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DateFriday, April 05, 2013

Theft / Frape / Bully / Virus

New Irish Survey Shows High cybercrime Levels and Worrying Cyber-bullying Among Youths



130405_ESET_IRELAND.pngA new survey by ESET Ireland has revealed what terrible things befall the Irish with regards to their computers and smartphones, with one in five having had their laptop, smartphone or tablet stolen and over 50 per cent having had a computer virus infection.


The survey asked Irish computer, smartphone and tablet users if they've experienced any of the following, and the results showed distressing things that happened to Irish users.



Theft - Device / Card / Identity

One in five had their laptop or device stolen, about one in seven had their credit card abused, their emails or social media account hacked, fell victim to a scam and 4% even had their identity stolen online. With over three million estimated Internet users in Ireland, ESET estimate that up to a half a million people were victimized in this way.




A smaller, but not negligible 9% of people have also been victims of unauthorised use of their emails and social media by friends or family, colloquially known as "fraping" (a combination of Facebook and rape), something that usually occurs when people forget to log out. While normally only used to embarrass the victim and not for serious cybercrime, if it occurs with malicious intent among children, it can also be classified as, or lead to cyber bullying.




Here it stops being funny, because the survey shows 5% of all surveyed have admitted to being victims of some form of cyber bullying. Since the survey includes all age groups, the group most affected needed to be looked at more closely. In the demographic breakdown the age group 15-24, a shocking 13% have said they were cyber bullied. Since the phenomenon is predominant in even younger age groups, the results of a survey focusing only on teenagers would give even scarier results. This should be very worrying for parents and teachers across Ireland. Over a year ago, ESET did a survey where Irish parents were asked if they leave their children unauthorised online, and with up to 73% of children being left unsupervised, it is very concerning since Ireland has had some very publicised experience with cyber bullying.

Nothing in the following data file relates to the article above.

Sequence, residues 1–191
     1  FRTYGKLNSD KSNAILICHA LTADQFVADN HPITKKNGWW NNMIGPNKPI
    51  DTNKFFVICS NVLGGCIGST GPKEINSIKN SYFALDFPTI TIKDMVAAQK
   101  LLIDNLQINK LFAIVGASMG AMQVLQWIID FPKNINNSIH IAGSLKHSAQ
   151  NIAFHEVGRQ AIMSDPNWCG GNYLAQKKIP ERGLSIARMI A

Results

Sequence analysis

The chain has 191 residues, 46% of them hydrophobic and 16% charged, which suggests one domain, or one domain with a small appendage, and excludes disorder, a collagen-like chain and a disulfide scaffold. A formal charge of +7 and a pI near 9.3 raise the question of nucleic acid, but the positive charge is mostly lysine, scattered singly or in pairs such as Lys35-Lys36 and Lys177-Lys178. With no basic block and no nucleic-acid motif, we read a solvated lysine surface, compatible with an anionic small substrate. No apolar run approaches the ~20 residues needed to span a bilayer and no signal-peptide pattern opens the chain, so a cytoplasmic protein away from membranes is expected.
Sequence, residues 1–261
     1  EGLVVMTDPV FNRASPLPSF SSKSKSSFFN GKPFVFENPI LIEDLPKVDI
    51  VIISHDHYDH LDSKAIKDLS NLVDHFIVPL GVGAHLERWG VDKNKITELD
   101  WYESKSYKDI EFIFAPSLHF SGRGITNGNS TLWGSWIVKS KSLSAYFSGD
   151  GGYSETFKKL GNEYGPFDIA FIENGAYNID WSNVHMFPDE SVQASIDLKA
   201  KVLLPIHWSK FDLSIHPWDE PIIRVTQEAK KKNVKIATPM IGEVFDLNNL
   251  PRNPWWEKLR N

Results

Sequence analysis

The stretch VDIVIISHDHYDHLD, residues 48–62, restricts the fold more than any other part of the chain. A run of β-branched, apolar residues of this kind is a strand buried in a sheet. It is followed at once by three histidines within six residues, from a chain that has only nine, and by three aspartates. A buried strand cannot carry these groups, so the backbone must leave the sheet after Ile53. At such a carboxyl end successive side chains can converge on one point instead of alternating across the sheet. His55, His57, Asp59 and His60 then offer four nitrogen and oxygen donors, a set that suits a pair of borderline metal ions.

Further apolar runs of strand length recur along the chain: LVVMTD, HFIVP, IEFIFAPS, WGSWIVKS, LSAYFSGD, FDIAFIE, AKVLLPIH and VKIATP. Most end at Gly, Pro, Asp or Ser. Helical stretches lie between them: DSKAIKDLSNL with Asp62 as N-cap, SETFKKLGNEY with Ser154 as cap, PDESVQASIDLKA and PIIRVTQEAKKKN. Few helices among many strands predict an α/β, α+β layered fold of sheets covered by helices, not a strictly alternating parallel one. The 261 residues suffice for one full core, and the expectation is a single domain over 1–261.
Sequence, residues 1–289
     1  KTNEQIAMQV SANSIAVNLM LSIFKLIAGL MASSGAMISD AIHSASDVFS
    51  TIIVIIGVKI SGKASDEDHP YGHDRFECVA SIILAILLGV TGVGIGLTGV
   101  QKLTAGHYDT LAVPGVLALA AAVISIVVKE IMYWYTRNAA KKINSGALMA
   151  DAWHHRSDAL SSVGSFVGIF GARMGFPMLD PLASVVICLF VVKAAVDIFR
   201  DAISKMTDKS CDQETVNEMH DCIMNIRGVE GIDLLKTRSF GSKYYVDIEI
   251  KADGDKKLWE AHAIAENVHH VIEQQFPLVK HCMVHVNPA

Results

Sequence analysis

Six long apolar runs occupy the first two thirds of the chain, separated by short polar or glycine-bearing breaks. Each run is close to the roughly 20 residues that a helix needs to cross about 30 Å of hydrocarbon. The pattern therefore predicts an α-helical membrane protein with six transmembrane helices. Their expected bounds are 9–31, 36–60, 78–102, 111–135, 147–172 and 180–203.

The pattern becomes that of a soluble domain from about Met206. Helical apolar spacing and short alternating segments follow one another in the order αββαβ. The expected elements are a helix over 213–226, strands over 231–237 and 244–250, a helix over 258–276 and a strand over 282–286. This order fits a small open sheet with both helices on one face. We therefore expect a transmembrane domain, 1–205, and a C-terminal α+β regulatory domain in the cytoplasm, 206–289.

Alarmingly, 54% of Irish computer and mobile device users have admitted to having had their computers infected with various viruses. Although ESET have no way to prove the correlation with results of a survey carried out a few months ago, where 45% of Irish computer users admitted to using free antivirus and 8% using pirated or no antivirus at all, these two numbers do add up to 53%, which being nearly exactly the percentage of the infected too, is an interesting coincidence.



According to the company, anti-theft and anti-scam technology can counter these threats, but can't take over common sense and parenting responsibility. The high level of laptop and device theft is one of the reasons ESET introduced anti-theft GPS tracking technology to the latest version of their security products. To combat scams, ESET introduced anti-scam monitoring as well. But just like with all the safety features in a car and on roads, most still depends on the driver. With computers it is no different. ESET cannot make users be more responsible with their credit card info online, nor force them to use safer passwords to prevent email or social media abuse. They are also unable to make people log out of their accounts or falling for scams if they ignore the warnings. And most importantly, no software can replace actual parenting or prevent children bullying each other, if those responsible don't go about it in a cyber-aware manner themselves.



Online security is more than just installing an antivirus and a firewall. It is also knowing about threats and staying informed, as well as acting responsibly when using computers, smartphones and other devices, since, as can be seen from the statistics above, threats come in many shapes and forms and some can also have terrible consequences.



The research was carried out by Amárach research on 1018 Irish adults.







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